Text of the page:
The demise of debate in Congress

Getty Images

At its best, Congress is the world’s greatest deliberative body. Unfortunately, 2017 saw the demise of debate and amendment. A fair and expansive deliberative process is a core element of a healthy regular order legislative process. The opportunity for minority and majority party members to discuss, debate, and most importantly, to offer amendments on pending legislation improves the quality of legislation and deepens the legitimacy of the process by incorporating the diversity of voices and viewpoints Congress is intended to represent.

Amendments offered by the minority party may not win the day, but the opportunity to offer them ensures that the voices of their constituents are heard and considered in a national debate. Even for the majority party, the ability of a broad spectrum of members, not just leadership, to offer amendments increases the participation in shaping legislation.

{mosads}Last year fell short on deliberation. The Bipartisan Policy Center’s new Healthy Congress Index counts the number of amendments considered in the Senate and the closed and open rules for debate in the House and compares those figures to previous Congresses. In the 2017, the Senate considered only 159 amendments, the lowest number for the first year of a Congress in more than a decade. Compare this to 1,037 amendments considered in 2007. In the House of Representatives, none of the rules for debate were fully open for offering amendments, and 55 percent of the time debate was governed by fully closed rules.

While debate and amendment were in short supply in Congress as a whole, the reasons for this debate deficit were different in the House and the Senate. In the Senate, the key reason for the low number of amendments is not so much that the amendment process is shut down as that the Senate has not addressed as many pieces of debatable legislation. In fact, the new Republican Senate majority in the last Congress did open up the amendment process and increase the number of amendments offered.

Under previous Democratic Majority Leader Harry Reid, Republicans and some Democrats complained that the majority was frequently filling the amendment tree and that neither majority or minority party senators could offer amendments. The last Congress made efforts to cut back on the filling of the amendment tree and increased the number of amendments in the Senate.

But in 2017, the dearth of debates over legislation led to fewer amendments offered. There are reasons for this lack of debate on amendable legislation. The Senate spent significant time on executive branch and judicial nominations and considered a large amount of non-amendable regulatory legislation under the Congressional Review Act. The budget vote-a-rama did not yield as many amendments as it does typically. But the bottom line still stands that the Senate has not seen many bills that could foster open debate and amendment, and thus the number of legislative amendments considered is down significantly.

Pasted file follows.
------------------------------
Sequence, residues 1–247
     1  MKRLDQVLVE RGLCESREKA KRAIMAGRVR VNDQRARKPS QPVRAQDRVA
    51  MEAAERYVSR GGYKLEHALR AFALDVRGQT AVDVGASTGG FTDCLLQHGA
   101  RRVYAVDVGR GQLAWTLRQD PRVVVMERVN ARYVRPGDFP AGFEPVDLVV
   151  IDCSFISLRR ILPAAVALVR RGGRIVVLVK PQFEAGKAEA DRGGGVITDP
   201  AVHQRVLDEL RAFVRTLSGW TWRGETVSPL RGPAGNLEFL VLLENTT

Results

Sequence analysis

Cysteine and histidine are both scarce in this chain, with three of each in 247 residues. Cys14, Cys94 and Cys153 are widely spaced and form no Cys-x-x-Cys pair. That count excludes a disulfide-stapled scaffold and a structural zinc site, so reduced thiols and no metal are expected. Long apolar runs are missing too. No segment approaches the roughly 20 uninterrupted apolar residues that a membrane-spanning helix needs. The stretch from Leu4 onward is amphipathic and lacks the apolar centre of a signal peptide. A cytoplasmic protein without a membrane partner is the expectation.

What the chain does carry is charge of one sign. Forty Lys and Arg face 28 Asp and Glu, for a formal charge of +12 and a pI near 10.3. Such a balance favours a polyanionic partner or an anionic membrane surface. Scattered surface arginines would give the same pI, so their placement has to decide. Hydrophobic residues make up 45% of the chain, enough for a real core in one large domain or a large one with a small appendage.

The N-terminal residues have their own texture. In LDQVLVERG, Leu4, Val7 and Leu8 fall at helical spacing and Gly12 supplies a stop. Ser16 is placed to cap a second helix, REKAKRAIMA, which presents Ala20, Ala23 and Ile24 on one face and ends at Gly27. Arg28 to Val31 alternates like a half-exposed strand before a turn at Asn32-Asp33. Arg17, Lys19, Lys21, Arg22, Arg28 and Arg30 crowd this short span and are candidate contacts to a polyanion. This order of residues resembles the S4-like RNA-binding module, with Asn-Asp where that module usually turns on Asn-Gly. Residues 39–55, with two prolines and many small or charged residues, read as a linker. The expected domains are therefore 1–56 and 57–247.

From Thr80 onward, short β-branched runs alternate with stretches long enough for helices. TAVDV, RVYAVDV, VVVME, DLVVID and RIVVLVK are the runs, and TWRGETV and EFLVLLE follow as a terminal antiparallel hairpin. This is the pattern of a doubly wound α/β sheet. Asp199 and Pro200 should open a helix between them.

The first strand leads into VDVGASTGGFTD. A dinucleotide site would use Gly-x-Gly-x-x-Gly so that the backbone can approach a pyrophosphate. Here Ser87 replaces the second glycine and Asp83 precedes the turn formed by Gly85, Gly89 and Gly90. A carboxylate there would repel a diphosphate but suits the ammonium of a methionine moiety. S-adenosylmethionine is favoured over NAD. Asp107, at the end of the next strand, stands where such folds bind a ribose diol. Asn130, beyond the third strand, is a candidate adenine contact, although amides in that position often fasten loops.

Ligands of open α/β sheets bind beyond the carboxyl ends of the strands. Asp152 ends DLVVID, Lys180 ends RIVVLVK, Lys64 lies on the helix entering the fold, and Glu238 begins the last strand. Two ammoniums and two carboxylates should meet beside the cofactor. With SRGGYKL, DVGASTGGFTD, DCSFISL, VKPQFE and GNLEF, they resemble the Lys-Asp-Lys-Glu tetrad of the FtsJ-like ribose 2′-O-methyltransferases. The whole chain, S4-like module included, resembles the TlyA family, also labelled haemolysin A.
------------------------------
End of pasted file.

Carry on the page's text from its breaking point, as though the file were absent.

In the House, the story is almost the reverse of the Senate. The House has actively considered many bills on the floor, but none have been considered under open rules, and only 45 percent have been considered under structured or semi-open rules where only specified number of amendments are allowed.

Over the years, the minority party has often called for more open rules for debate and amendment. When the majority switches, the new majority has, for a while, opened up the debate process. Most famously, under Speaker Newt Gingrich, Republicans began their new majority with many open rules and opportunities for debate only to see those open rules dwindle in subsequent Congresses.

A similar drop occurred in the second Congress under Speaker Nancy Pelosi in 2009 to 2010 when there were no open amendment rules the entire Congress. Speaker Paul Ryan also called for more open rules at the start of his speakership, but in 2017, we are at a low point for open rules and even for semi-open rules.

Debate and more amendments may seem an inefficient nuisance to congressional majorities, but both parties, the legislative process and our democracy would be well served to see more noisy debate, airing of differences and especially opportunities for our elected representatives to offer amendments in the halls of Congress.

John Fortier is director of the democracy project at the Bipartisan Policy Center. He has written extensively on elections and government and is the editor of After the People Vote: A Guide to the Electoral College.

Tags Congress Democrats Harry Reid Law Nancy Pelosi Paul Ryan Republicans

The Hill has removed its comment section, as there are many other forums for readers to participate in the conversation. We invite you to join the discussion on Facebook and Twitter.

More Civil Rights News

See All
See all Hill.TV See all Video

Most Popular

Load more


See all Video